Lee “Scratch” Perry turned 75 this year. He has been part of reggae music literally for as long as reggae music has existed. His huge influence on reggae, and dub especially, as producer and artist, is undeniable. For the past couple decades, though, Perry has been more of a curiosity than a musician in the traditional sense.
From claiming that Island Records’ Chris Blackwell is a “vampire” to claiming to be an extra-terrestrial himself, Perry’s outrageous, though occasionally inspired, non-sequiturs have marked his post-1970s career. The music has mainly come down to a series of well-known collaborators. Perry’s albums have been overseen by dub maestros Adrian Sherwood and Mad Professor, and Scientist. He has also worked with the Beastie Boys, the Swiss experimental techno-pop band Yello and the Austrian dub collective Dubblestandart. He’s even appeared on record with film director David Lynch. The one constant throughout has been Perry’s bizarre orating, made all the more endearing by his unaffected, grandpa-like croak.
Perry’s longevity in a Jamaican reggae world with a lower-than-average life expectancy is nothing short of extraordinary, but when was the last time you could honestly say you were excited about a new Perry album? The not-so-subtly-titled Rise Again aims to change that. What hasn’t changed is the focus on high-profile collaborators. Only now there are more of them. Overseeing, producing, and co-arranging the project is veteran dub/psychedelic artist Bill Laswell. The collaboration makes so much sense it’s surprising to realize Laswell and Perry haven’t teamed up before. To sweeten the pot, Laswell has brought in legends like drummer Sly Dunbar and P-Funk keyboardist Bernie Worrell, and relative fresh faces such as Tunde Adebimpe from TV on the Radio. It’s a noble effort, and it does result in some of Perry’s most effective work in years. Where and how exactly Perry fits in, however, is up for debate.
Perry hasn’t changed — why would you expect him to? If you were hoping for him to pull off some kind of Bim Sherman or Johnny Cash move and completely remake himself as a sort of shaman, with musical gravitas to match, know that it doesn’t happen here. No, on Rise Again Perry is still the same eccentric jester. He rails against the “parasites” who threaten his inner peace. He constantly reminds you who you’re listening to; “Lee Scratch Perry” is one of his favorite phrases. He’ll be rolling along on a fairly lucid line of thought and then hit you with something like “I conquer Prince Charles”. Over the course of the album, he claims to be, among other things, the lord of the earth, the father of time, an Ethiopian king and the heart of God. All in that voice, mind you, that suggests you’re listening to something created by Jim Henson.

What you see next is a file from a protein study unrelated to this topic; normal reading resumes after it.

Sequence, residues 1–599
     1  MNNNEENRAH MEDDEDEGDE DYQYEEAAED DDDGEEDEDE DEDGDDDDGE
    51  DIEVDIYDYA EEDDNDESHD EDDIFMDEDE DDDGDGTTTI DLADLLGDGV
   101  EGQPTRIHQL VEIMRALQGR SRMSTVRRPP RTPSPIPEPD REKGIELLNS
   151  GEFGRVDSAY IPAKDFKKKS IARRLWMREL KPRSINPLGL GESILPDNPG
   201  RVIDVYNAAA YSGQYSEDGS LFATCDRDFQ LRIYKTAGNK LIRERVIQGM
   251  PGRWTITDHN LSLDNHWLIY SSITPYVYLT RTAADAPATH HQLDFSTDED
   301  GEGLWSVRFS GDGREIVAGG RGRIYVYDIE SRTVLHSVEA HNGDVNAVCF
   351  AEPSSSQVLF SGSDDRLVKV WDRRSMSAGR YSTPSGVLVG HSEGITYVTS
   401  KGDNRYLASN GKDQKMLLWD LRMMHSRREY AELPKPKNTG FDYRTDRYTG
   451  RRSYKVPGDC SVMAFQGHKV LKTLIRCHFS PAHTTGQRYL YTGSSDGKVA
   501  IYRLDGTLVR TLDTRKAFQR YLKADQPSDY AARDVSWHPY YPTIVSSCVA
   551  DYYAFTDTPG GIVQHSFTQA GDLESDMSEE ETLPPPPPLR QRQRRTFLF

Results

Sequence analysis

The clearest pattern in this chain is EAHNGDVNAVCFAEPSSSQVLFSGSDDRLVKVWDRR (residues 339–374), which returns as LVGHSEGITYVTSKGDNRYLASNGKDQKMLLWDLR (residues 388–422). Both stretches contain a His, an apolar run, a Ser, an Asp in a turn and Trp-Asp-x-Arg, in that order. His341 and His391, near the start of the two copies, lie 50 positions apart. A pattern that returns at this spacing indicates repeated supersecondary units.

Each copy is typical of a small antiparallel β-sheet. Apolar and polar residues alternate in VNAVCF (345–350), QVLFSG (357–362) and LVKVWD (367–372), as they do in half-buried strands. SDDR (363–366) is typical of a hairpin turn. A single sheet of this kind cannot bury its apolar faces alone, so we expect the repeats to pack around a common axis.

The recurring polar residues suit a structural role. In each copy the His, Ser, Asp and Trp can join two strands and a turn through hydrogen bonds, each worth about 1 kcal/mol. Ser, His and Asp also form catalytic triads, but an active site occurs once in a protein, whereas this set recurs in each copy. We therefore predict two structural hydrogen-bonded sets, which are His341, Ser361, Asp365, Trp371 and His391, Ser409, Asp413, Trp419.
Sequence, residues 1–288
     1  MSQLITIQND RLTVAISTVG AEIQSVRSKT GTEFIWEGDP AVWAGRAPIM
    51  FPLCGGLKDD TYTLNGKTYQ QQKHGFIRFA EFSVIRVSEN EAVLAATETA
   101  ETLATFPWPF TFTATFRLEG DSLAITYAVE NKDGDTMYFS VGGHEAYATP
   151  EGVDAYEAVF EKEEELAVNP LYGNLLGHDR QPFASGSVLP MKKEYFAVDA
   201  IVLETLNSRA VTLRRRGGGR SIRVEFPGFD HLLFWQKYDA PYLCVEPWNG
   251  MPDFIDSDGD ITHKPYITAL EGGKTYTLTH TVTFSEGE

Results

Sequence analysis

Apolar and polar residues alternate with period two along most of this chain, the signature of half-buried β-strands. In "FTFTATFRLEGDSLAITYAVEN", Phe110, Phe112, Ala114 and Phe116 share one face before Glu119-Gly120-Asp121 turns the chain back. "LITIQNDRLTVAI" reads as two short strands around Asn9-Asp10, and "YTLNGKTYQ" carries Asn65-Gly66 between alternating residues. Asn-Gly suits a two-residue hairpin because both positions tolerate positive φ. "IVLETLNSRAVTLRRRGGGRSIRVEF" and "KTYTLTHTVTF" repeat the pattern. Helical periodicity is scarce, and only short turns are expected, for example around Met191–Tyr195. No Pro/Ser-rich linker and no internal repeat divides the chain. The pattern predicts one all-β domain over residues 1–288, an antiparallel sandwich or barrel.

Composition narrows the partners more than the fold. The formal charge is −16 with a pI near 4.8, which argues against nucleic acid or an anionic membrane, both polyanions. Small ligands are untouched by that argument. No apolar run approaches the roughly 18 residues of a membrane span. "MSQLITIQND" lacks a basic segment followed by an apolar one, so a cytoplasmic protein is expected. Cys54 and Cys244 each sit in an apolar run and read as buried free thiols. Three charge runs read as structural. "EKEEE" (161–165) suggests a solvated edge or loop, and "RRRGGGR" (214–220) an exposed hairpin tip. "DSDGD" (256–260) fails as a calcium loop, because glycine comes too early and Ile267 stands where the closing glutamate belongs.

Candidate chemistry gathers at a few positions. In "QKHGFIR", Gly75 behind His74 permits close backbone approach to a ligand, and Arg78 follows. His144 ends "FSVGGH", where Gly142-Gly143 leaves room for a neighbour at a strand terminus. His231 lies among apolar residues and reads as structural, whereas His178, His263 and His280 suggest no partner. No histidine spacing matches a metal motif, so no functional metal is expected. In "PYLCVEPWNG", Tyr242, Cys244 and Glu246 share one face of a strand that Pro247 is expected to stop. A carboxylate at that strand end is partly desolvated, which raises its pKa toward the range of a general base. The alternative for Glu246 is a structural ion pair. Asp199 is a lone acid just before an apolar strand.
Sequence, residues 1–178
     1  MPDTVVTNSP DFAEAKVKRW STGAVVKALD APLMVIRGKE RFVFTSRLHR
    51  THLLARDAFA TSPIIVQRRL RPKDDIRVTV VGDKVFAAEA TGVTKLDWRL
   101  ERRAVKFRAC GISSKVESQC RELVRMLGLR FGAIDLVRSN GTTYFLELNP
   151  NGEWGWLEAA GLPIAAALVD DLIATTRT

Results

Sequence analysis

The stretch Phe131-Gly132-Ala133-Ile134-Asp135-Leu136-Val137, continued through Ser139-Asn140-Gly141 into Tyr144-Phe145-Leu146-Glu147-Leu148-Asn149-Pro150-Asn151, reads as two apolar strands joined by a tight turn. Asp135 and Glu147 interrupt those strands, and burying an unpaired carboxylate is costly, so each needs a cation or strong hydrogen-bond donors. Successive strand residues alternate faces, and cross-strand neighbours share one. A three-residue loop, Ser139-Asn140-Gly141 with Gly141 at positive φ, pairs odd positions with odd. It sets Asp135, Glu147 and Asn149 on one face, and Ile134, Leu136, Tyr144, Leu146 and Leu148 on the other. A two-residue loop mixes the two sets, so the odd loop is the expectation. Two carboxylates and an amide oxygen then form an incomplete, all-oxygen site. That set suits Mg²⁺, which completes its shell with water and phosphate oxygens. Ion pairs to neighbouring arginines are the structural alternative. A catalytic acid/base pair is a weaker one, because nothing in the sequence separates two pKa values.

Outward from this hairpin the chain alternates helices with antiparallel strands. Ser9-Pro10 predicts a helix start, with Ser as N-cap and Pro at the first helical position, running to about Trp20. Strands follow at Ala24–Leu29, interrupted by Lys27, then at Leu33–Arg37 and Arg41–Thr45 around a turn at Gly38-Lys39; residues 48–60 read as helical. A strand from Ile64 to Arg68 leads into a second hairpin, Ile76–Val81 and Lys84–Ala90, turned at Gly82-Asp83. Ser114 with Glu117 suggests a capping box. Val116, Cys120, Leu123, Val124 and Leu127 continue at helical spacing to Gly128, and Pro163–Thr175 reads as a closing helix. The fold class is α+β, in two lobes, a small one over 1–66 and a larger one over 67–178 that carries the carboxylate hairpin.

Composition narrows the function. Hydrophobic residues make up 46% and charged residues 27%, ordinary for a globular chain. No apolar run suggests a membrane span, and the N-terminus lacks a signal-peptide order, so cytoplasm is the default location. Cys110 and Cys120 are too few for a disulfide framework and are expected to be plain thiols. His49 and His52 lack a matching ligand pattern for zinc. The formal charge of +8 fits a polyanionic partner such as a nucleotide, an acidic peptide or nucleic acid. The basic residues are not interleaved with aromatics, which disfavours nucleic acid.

A certain amount of this is charming. No one else could utter the word “Satan” as charismatically as Perry does on “Scratch Message”. Each phrase of the chorus is a rebuke to, as Perry puts it, “Seee-taan”. Really, the evil one had better listen. When Perry subtitles a song “Japanese Food”, there’s nothing cryptic about it. As Worrell’s signature helium synth sound whines in the background, Perry deadpans, “Japanese dude / I am a lover of the Japanese food”. But how much more of Lee Perry the Loveable Crazyman do you really need?
That’s where Laswell comes in. Wisely, he forgoes electronics in favor of live, earthy soundscapes that give Perry the rustic backdrop he needs. Laswell and his team of experts add some variety, too. “Higher Level” sets Perry’s bravado against some soulful flute and backing vocals. It’s a bit Gil Scott-Heron, and it fits. “Orthodox” and “African Revolution” have a more rocksteady reggae vibe. But Perry’s legacy and Laswell’s expertise lie in dub. Laswell fills tracks like “Scratch Message” and “House of God” with snaking bass, sneaky echo and sound effects that slip through the cracks in your speakers. On the title track, he captures Perry’s best performance in years, if not decades. Against a somber, almost melancholic backdrop, Perry intones the one phrase, “I rise again”. He says it with some self-assurance, with some defiance. He almost sings it. And the words beget the deed, because Perry once again has gravitas.
Of course, there’s no way Perry could deliver an entire album that’s so focused and powerful, regardless of who were behind the boards. Thus, on the latter half of the album the “guests” become the primary vocalists and Perry wafts in and out, a guest on his own record. Put it all together and though the legendary Upsetter of Perry’s golden years has not been resurrected, on Rise Again he’s closer in spirit to Perry than he has been in quite some time.